Remy Maurice Ufitinema
Why did you become a journalist and what do you love about your job?
When I was a child, I liked listening to the radio: news, mainly sport, international sport. I liked it very much and I decided to become a journalist. I was born in the countryside, and I liked people telling stories about my home, far away from the country’s capital where the radio stations are based. I grew to love that profession, and I wanted to become a journalist. When I finished university, some positions in national television were advertised; I applied, passed the exam and got the job. So my dream came true in 2007. I decided to be a tool to change people’s lives. I compare my job to being a doctor who prescribes medicines to patients. In our society there are problems and the role of the journalist is to find and propose solutions to those problems. Moreover, he also has to set a good example, indicating the way things should be done, like a doctor when he gives prescriptions.
Are you ever faced with the ethical dilemma of being a spectator covering a story when you could have helped out in a situation? How did you resolve it?
I might mention a case in 2012. I was in the countryside, reporting on people who did not have decent housing. They lived in grass-thatched houses, houses with grass roofs, but the local authority thought they had already solved the problem for all the families in that area. I informed them that there were still families living in these houses, and after a month those families were given new housing. By drawing attention to people’s problems, you can ensure the authorities discover these problems and provide solutions, giving communities a better future. This article was also instrumental in my career because I was awarded a prize.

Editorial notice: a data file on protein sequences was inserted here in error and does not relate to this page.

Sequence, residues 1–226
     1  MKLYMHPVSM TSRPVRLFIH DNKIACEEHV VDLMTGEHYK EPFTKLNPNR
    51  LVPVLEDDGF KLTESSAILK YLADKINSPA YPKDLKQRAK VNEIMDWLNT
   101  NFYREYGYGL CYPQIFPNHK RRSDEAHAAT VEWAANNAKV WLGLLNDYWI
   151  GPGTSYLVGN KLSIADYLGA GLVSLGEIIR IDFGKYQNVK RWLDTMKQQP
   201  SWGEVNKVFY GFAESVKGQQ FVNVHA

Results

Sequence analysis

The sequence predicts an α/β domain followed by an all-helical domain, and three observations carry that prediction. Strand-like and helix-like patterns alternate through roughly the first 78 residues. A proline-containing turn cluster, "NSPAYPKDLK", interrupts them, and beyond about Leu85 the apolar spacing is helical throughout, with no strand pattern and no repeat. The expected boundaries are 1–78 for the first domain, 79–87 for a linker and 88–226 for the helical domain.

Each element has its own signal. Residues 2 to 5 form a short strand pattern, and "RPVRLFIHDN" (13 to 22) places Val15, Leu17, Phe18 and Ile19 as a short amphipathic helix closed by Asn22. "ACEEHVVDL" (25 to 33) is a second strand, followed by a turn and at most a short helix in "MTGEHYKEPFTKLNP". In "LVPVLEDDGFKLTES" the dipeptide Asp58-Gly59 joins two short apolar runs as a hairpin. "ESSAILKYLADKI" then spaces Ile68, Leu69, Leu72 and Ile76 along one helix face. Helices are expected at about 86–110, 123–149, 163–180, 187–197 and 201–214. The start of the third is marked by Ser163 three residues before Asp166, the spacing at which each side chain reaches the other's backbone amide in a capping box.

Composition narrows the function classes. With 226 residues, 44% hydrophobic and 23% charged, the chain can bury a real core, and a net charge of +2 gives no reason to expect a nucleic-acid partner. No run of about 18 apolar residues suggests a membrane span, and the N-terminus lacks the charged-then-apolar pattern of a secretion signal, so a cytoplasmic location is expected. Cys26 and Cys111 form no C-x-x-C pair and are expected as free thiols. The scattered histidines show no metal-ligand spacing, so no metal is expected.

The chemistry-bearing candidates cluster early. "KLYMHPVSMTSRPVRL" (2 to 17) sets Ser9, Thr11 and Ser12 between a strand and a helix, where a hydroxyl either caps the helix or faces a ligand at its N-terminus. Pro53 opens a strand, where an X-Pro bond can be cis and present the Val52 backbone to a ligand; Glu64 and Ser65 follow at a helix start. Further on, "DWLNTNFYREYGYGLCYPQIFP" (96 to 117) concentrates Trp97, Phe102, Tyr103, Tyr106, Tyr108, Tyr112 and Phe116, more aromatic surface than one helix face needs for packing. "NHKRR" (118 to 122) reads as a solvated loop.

Stephen King said, “If you don’t have time to read, you don’t have time to write.” How do you prepare for your news stories?
I have a degree in English literature, which is mainly about reading other people’s writing. I like reading. Every morning I read as much as I can: news about my country, news about the rest of the world. And when I cannot read, I listen to the news on the radio or watch it on TV. I do research and thoroughly study every subject I want to write about or tell people about. My background, my willingness to learn more and more, together with the fact I am perseverant, are all important in my job.
What about this competition, competing with other journalists for a story and for an international experience on a subject you feel close to?